Tips, Tricks, & Trends in Instructional Design (Part 1)
In my role as Global Online Academy’s Instructional Designer, I recently finished an intensive review of the 20 classes GOA is offering this fall to nearly 300 students. I spent a few hours with each course, immersed in the world the teacher had created, and then I met with that teacher for an engaging, fruitful discussion about pedagogy, instructional design, and the challenge of adjusting one’s teaching to an online learning environment. This post and the next will share the tips, tricks and trends I learned from the courses and our teachers. First, I’ll address the importance of leveraging the online learning environment to create innovative lessons and manageable workloads for teachers, and in my next post I will focus on how to design a course with the student experience in mind.
PART I: When Teaching Online, Free Your Mind
The primary challenge of teaching online is not a technical or a logistical one; it is a creative one. In an online learning environment, teachers are liberated from the restrictions of a daily schedule, a physical classroom, and the traditional models of structuring and delivering lessons. The best lessons I saw in GOA’s Fall classes will succeed not in spite of their location online, but because of it. These lessons use the time and space available to send students out into the community, to ask them to invest in rich and imaginative projects, to exploit the vast array of resources and tools available on the internet. As I reviewed courses and spoke with teachers, I found them to be excited and challenged by the freedom they had to innovate and reevaluate their own entrenched teaching habits. This adventurousness, and the lessons we learned from it, will benefit our students and create new and unique learning experiences.
Think and instruct in active verbs: In an online environment, clear, inspiring writing matters. What you ask your students to do has a significant effect on the kind of work they will produce. Teachers can use verbs like those presented in Bloom’s Taxonomy to inspire their thinking about lessons — if one of these critical thinking verbs doesn’t apply to your lesson, is it worth teaching?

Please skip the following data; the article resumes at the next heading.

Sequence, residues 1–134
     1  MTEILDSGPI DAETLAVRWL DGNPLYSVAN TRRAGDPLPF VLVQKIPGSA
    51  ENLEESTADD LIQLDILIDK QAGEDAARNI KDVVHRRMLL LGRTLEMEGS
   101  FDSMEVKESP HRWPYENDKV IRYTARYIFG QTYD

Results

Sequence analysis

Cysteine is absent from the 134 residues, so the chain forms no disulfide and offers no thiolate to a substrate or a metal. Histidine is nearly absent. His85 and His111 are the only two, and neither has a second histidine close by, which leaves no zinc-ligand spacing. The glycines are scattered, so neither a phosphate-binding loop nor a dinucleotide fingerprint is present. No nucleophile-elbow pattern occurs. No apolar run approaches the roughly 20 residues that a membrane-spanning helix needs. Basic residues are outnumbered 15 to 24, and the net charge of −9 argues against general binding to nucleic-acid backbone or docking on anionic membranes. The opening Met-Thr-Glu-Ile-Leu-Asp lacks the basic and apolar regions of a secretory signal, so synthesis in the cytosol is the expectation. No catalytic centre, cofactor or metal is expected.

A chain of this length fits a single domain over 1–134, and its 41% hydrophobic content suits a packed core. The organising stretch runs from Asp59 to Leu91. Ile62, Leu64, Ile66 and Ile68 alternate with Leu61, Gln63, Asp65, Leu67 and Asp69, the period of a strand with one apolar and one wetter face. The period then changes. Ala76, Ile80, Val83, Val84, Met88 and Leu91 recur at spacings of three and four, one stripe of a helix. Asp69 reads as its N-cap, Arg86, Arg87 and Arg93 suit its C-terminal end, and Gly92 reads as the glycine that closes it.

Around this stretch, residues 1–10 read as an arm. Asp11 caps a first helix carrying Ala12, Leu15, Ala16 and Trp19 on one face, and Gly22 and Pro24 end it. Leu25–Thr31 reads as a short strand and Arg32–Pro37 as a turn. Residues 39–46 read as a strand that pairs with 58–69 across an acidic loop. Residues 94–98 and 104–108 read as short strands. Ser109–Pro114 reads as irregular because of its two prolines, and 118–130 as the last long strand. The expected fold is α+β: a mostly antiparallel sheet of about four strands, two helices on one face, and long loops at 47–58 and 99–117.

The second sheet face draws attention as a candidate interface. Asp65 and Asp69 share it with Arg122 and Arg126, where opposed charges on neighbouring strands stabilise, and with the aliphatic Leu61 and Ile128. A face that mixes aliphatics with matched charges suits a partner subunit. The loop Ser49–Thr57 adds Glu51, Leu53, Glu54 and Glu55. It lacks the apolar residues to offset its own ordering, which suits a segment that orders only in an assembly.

Part of Good Teaching is Good Curation: The traditional role of the teacher as the source of all knowledge in a classroom isn’t a good fit for an online course. The wealth of information available on the internet pushes the online teacher into the role of curator, using his/her expert eye to find and share the best resources, not necessarily create them. Our psychology course eschews a textbook and instead incorporates instructional videos, interviews with experts, and an interactive, online laboratory where students become patients. Because our 9/11 course lives online, the teachers can create a mosaic of resources from around the world that students can interact with at their own pace, immersing themselves in an array of perspectives.
Application of Knowledge over Accumulation of Knowledge: Different terms for this kind of work abound: project-based learning, experiential learning, 21st century skills, etc. Because so much excellent content already exists online, teachers can dedicate their creative energy to imagining how students can apply that knowledge. Some of the best online lessons I saw asked students to engage the world outside of our learning management system: choose a religion or religious group, then locate and interview a local expert on the topic; design a roller coaster using principles of multivariable calculus; use nascent Japanese skills to narrate a video tour of your home and share it with classmates from around the world. Online, teachers have the resources, time, and space to ask students to do more with their ideas.
Curate technology with the same keen eye you use to curate content: The diversity of technology available to a teacher is incredible, but it can be overwhelming. The temptation to regularly introduce new or complex tools that are trendy or more “professional” is strong, but teachers must keep in mind that learning new technology is time-consuming for students (and teachers!). Teachers should use technology that is intuitive and with which they are familiar. They should minimize the number of different tools used in a course and instead maximize the potential of the technology they do use by using it in a variety of ways.
Global is local: Global awareness is a “21st century skill” teachers have been hearing about since what seems like the 19th century. GOA students come from all over the world, and some of the best “global” assessments I saw were assessments that asked the students to think locally and then bring that perspective back to class. Our Digital Photography course will culminate with a “My City” portfolio, and our Online Journalism class begins by asking students to share and assess newspaper front pages from their own communities. Relying on students’ knowledge of their own communities allows teachers to bring rich global perspectives to their courses.
Teaching online should mean more than simply trying to translate or transcribe what one does in a brick and mortar classroom into an online course. Those teachers who are most enthusiastic about the challenges of designing an online course are excellent teachers, but also good curators, designers, and innovators.